The "Grand Experiment", in all it's lofty ambitions, failed. It appears obvious to most outside observers that a lifetime of work to show that football and academic effort was undone by the inaction of Joe Paterno due to either loyalty to a friend or the desire to protect what he built. Either way, it's been a black eye to the game, the conference, a great institution, and to all of us who have modeled themselves after him. I'll openly admit that in my coaching career, I've tried to be more like Joe Paterno than anyone else. From hammering on guys the importance of their education to teaching them to do the right thing in every situation, the goal has always been to imitate Paterno's vision of how football can be the best teaching tool available to young men. So now what do we do?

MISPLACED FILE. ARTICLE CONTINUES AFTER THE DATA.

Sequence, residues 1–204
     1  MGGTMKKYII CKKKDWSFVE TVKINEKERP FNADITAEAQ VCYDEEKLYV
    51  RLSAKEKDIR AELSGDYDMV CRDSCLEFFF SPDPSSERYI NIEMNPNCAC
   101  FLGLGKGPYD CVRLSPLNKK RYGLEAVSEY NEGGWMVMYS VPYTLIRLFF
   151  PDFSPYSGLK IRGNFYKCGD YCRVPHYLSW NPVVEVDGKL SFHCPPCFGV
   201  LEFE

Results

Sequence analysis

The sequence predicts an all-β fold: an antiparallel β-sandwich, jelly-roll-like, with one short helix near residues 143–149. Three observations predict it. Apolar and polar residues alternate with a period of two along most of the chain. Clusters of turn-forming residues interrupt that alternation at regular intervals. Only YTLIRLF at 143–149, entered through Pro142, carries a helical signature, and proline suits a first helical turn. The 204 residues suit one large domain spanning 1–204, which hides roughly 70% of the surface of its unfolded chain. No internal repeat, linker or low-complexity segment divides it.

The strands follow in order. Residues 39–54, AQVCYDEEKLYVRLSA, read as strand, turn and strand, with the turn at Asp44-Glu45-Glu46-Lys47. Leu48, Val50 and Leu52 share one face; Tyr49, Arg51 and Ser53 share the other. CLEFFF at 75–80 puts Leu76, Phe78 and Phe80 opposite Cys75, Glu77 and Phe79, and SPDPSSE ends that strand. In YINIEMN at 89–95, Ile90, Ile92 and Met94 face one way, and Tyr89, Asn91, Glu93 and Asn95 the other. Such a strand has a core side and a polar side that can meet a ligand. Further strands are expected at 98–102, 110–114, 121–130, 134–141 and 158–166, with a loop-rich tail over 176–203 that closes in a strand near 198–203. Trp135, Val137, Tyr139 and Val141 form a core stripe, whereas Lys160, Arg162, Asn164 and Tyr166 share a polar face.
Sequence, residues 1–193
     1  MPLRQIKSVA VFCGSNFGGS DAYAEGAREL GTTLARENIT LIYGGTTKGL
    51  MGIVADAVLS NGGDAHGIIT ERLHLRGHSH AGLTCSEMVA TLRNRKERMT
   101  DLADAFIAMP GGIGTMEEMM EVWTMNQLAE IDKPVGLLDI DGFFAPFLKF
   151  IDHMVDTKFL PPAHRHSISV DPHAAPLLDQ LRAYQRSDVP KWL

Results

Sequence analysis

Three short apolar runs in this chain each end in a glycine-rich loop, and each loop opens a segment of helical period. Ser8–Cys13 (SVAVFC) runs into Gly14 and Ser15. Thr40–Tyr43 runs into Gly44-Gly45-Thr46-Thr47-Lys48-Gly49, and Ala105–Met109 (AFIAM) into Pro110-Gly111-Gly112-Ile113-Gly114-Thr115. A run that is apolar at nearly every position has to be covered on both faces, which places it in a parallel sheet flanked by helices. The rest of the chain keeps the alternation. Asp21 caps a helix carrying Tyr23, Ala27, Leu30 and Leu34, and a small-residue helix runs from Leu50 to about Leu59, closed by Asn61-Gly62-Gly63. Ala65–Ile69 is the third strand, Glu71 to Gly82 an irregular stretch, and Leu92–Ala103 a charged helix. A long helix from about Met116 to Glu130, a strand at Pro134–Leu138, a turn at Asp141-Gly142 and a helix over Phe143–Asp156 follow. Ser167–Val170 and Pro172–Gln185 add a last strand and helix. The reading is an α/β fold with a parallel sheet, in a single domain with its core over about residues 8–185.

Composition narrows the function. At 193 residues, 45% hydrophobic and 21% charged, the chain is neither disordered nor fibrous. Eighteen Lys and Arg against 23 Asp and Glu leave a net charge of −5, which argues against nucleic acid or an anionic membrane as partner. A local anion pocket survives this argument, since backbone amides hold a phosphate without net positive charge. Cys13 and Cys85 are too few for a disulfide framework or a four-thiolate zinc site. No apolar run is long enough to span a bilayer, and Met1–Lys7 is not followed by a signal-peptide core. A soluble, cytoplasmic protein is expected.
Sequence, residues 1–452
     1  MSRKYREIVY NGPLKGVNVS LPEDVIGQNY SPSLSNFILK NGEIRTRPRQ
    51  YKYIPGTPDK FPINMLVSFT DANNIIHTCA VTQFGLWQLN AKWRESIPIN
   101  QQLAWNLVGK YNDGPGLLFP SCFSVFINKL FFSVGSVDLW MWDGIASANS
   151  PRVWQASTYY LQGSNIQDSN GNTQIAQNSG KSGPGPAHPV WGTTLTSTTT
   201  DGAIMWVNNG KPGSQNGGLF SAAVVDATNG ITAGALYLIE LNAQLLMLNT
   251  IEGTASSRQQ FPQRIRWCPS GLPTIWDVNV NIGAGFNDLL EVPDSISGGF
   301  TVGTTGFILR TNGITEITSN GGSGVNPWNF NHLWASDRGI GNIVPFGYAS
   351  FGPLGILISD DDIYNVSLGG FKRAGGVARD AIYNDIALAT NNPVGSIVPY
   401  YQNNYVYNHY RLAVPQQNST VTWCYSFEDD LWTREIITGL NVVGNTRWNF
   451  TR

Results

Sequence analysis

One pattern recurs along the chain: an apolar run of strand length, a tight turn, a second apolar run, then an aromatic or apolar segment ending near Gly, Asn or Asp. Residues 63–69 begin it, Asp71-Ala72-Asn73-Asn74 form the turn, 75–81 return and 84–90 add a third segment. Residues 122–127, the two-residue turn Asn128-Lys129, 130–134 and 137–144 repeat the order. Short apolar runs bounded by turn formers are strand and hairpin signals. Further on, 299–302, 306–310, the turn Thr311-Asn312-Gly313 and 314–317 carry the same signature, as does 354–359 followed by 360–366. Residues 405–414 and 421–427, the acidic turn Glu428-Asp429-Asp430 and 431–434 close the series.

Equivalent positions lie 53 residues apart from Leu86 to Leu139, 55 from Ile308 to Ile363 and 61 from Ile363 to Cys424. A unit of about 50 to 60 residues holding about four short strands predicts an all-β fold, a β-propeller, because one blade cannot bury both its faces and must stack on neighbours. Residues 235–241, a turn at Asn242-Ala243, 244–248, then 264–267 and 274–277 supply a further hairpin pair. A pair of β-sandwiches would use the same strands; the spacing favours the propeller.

So how do we continue the Grand Experiment? I honestly don't know. The goals will remain the same, of course, but the approach has to change. I don't feel that I can ever again mention the best supporting argument I felt was available: "Joe Paterno does things the right way, and look at him." and "Penn State does it the right way, and look at them." I don't think anyone would disagree that the ultimate goal of molding good people out of football should change. Sadly, I think the only thing that can be done with the legacy of Joe Paterno is to point out that saying that you do the right thing isn't ever good enough. Every single time you're presented with a choice you need to make the right one, because you never know who's watching or how it may impact you later. Hopefully the failure of a man doesn't change the message he tried to deliver, because it was a great one.
(Sorry about the rambling, venting post. With football season rapidly approaching, this has been weighing on me.)